Advanced search

Unhappy Yews

(13 Posts)
Lamu Mon 18-Apr-16 14:27:45

We planted about 90 root balled 175cm trees just over 7 weeks ago. They've had plenty of rain lots of mulch, manure, blood, fish & bone but about 10 seem to have browning leaves. What have we done wrong and is there anyway to make them happy as I'd hate to loose them.

Ferguson Mon 18-Apr-16 16:18:55

I can only suspect maybe the 'diet' was TOO rich for them; but I'm only guessing.

shovetheholly Mon 18-Apr-16 17:20:38

90 yew trees! Wow, it's going to look gorgeous!!

I suspect some of them may simply have a bit of shock after being transplanted. Alternatively, if you have really heavy clay soil, they could be waterlogged, in which case digging in loads of grit around the roots may help.

Lamu Mon 18-Apr-16 17:37:47

Shove, yes they should be lovely if they all survive. The next 30 odd will be done in the autumn. We really needed it, as all we had was post and rail fencing. Looking forward to sunbathing in the nud. grin

What if anything can I do about the shock? I've been looking into it and is seems it's a common problem with yews. Some areas are prone to waterlogging. Hoping for some dryer weather soon!

shovetheholly Mon 18-Apr-16 17:51:46

I would get out any that are in waterlogged soil and get some grit in - really quite a lot of it. If there are problems, e.g. they are sitting with their feet in water, you'll notice when you get them out. Also, if they are too dry (the opposite problem!!) you will notice.

For shock, I don't know what you do. Hopefully some of the professionals can help. I know a woman who swears by a weak solution of sugar in water, but I find it hard to believe this actually works! I still do it anyway on first sign of problems though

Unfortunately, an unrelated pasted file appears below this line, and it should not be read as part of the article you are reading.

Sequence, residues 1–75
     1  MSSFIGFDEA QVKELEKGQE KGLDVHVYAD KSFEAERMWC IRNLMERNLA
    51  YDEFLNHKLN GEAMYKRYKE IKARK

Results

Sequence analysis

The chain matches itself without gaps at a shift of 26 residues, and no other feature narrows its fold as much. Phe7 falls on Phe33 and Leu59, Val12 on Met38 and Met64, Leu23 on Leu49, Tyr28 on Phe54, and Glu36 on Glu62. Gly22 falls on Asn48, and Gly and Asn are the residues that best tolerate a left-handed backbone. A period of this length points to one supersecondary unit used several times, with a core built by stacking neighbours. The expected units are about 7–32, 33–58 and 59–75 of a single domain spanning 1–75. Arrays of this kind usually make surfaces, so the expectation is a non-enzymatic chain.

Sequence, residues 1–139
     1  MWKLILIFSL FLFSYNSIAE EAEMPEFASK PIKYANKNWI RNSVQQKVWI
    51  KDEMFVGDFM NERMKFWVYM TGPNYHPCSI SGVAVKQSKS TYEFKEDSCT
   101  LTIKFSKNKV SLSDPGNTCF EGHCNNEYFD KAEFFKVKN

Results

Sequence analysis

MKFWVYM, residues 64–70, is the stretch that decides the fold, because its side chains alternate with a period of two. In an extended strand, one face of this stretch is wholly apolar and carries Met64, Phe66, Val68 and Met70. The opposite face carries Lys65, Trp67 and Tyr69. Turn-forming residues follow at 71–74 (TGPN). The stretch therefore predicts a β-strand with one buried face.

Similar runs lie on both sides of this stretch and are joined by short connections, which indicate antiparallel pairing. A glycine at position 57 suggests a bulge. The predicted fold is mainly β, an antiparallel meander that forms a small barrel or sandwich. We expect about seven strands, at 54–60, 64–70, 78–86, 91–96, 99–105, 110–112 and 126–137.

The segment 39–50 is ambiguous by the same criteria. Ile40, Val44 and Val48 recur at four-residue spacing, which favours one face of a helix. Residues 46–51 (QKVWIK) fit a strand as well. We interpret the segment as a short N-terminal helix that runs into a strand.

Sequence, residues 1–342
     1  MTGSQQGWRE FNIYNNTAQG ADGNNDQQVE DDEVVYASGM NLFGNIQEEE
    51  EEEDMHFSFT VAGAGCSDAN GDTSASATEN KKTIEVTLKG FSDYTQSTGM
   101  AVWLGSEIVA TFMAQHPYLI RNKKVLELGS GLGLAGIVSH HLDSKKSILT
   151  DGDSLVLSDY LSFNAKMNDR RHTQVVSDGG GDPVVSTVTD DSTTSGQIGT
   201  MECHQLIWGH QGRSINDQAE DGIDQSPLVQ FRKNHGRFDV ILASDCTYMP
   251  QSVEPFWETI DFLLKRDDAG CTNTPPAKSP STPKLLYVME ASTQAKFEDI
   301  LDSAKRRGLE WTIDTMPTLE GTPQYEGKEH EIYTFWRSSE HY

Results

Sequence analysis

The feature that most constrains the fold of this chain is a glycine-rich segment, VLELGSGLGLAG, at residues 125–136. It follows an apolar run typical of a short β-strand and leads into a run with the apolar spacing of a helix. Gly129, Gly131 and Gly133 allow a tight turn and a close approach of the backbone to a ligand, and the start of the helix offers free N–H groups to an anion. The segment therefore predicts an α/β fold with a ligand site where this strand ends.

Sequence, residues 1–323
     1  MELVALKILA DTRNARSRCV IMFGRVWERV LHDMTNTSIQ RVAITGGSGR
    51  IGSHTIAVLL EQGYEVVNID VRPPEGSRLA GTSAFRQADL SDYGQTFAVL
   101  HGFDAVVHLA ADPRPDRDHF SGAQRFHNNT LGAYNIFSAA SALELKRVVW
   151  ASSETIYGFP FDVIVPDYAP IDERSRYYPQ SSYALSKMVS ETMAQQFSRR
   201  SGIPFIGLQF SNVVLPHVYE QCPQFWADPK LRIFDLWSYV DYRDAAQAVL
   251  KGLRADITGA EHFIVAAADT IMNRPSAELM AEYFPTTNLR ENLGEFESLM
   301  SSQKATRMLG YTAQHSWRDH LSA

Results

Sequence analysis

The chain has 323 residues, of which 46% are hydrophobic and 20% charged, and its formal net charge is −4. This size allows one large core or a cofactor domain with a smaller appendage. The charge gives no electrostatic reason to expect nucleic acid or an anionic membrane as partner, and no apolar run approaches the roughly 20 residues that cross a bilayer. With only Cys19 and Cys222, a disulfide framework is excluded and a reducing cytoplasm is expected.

I am JEALOUS of your sunbathing! No chance of that here in Sheffield, not even in July. Though even if I could there would be no way of stopping the neighbours getting an eyeful, and that really wouldn't be nice for them!! grin

Quook Mon 18-Apr-16 18:26:57

I always thought that there was always a bit of fall out when planting young trees. Are they guaranteed by the seller? Have you checked the quality of the roots?

charleybarley Mon 18-Apr-16 18:34:51

Message withdrawn at poster's request.

charleybarley Mon 18-Apr-16 18:35:44

Message withdrawn at poster's request.

shovetheholly Mon 18-Apr-16 18:39:10

That's so interesting about rootgrow. I've been wondering if that stuff works - sounds like it's brilliant. Can I ask what brand you bought so I can get some too? grin

charleybarley Mon 18-Apr-16 18:48:45

Message withdrawn at poster's request.

Lamu Mon 18-Apr-16 19:19:16

Thanks all. Two other nurseries I looked at using wouldn't guarantee the plants. And I'm not sure if this one did. Will certainly look into it.

I wish I had known about root grow before the trees went in. I've just looked online and it doesn't seem like you can add it retrospectively, although they do suggest drilling holes down then sprinkling the granules down. There's no guarantee it will work. Perhaps we'll try that as a last resort. I'll give them a few more weeks, fingers crossed for no further damage.

shovetheholly Tue 19-Apr-16 07:41:06

The mycorrhizal associations will establish on their own accord lamu - just perhaps a little more slowly! I don't think the lack of them will be what is causing the brownness/dying, though I could be wrong.

I'm definitely using rootgrow on anything bare-rooted in future!

DoreenLethal Tue 19-Apr-16 07:48:15

I don't think the lack of mycorrhizal root grow will cause the brownness either - the heavy nutrient addition might have burnt the roots though.

Join the discussion

Join the discussion

Registering is free, easy, and means you can join in the discussion, get discounts, win prizes and lots more.

Register now